Don’t thank Kevin Durant for bringing his eye-popping resume or his staggering talent set or his limitless shooting range to the Golden State Warriors.
Thank him, mostly, for changing the way we think about the Bay Area’s basketball team at its very core.
By verifying that he will be a Warrior for years to come — yes, that was 27-year-old Kevin Wayne Durant, by way of Washington D.C. and the University of Texas and the Seattle SuperSonics and the Oklahoma City Thunder; that was him holding that Warriors jersey No. 35 on Thursday in Oakland — Durant waved a wand and reminded us that the Steph Curry/Steve Kerr/Klay Thompson/Bob Myers/Draymond Green/Joe Lacob/Andre Iguodala Warriors are a special team built on joy, camaraderie, wins and basketball bliss, and worthy of our belief that they are an all time Bay Area treat.
‘Cause, you know, we’d sort of forgotten that.
There was that whole historic collapse in the NBA Finals thing that got in the way.
The 3-1 lead over the Cleveland LeBrons vanishing in the still-mysterious final minutes of Game 7, the choke job — yes, let’s call it that — that caused a nation of Charles Barkleys to rejoice and feel reaffirmed that the Warriors’ high-flying, perimeter-shooting, 73-win identity had fatal flaws, all that was lodged so firmly in all of our craws.
It would be the collapse that would never go away, and jostle for position under the boards with Game 6 of the 2002 World Series for the Worst Pain in Bay Area Sports History.
It would leave us all wondering if the moment would ever come again, if the 2015 NBA championship would be the Dubs’ one shot. That banner was heavenly, for sure. But would it be the only one of the Steph Curry Era? These moments, after all, don’t come along so easily, as I was just saying to my good friend, Karl Malone.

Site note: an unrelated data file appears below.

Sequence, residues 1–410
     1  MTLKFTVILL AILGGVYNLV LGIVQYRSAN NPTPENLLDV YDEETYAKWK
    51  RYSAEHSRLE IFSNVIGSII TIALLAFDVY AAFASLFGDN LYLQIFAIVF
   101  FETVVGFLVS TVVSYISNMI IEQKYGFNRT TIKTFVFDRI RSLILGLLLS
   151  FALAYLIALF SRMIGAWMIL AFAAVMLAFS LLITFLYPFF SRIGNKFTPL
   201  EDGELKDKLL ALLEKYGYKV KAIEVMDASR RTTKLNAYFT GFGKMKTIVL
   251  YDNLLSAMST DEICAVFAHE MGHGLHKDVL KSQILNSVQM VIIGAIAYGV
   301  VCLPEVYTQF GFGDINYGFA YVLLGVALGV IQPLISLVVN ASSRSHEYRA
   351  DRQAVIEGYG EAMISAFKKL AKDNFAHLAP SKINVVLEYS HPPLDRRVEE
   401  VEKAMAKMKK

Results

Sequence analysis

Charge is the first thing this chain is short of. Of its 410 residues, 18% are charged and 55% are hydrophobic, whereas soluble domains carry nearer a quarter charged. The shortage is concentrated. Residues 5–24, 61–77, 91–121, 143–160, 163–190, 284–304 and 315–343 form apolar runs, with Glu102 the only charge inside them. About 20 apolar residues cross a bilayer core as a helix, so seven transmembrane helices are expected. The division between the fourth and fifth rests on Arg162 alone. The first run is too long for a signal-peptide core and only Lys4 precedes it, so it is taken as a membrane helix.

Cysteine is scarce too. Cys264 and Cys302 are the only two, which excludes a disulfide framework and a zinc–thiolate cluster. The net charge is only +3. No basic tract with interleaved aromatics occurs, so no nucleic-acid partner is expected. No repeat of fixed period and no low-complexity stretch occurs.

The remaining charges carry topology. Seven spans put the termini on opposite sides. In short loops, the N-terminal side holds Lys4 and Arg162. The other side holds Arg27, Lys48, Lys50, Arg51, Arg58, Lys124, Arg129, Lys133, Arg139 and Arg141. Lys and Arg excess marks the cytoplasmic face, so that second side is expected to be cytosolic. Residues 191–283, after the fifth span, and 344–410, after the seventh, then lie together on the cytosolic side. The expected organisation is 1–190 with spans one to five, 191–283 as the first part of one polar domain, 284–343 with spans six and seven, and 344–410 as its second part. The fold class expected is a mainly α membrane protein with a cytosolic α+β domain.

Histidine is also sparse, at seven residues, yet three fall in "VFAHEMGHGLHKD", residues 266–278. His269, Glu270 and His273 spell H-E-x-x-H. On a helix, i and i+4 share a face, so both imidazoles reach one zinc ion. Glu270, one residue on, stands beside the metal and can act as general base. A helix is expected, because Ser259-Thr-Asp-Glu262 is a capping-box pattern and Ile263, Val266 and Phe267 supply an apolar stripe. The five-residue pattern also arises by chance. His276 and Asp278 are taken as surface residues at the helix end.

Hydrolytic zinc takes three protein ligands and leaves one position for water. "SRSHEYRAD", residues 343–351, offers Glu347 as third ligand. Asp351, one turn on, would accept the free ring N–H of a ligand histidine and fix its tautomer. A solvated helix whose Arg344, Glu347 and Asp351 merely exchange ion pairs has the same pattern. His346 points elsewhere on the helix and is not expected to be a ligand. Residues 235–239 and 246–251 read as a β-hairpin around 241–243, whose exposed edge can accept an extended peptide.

But by landing Durant, the conversation changed.
No longer is The Collapse the primary talking point at summer cookouts. Now, Durant and The Future is the primary talking point.
And by enunciating why he chose the Warriors, Durant reminded us of the specialness of these Dubs. By using words like “authentic”, “organic”, “real” to describe the Warriors vibe, he reaffirmed to us that the seemingly ego-free Warriors under Kerr’s watch were, indeed, something to envy.
His language and imagery wasn’t an accident. He spoke of the four Warriors players entering the Hamptons to meet him as if they were “holding hands”, and you had to think that was a picture Durant had all along when he looked at the Warriors across the basketball court.
The ball movement. The screen-setting. The cutting. The open shots. The commitment to team basketball. The family feel to the organization. All the things that made Steve Kerr’s Warriors win 140 regular season games in two seasons were things that Durant wanted to be a part of.
The Collapse clouded our memory. It clouded our view of the Dubs. They were the team that let us down. They were the team that couldn’t close the deal that was so closable.
And then along came Kevin Durant to remind the Bay Area: No, what you fell in love with was real. I want to be a part of that joy. I want to be a part of that team.
He said they were feelings he couldn’t ignore. And by joining the Warriors, he has re-ignited those feelings in Dub Nation. You can’t ignore them if you try.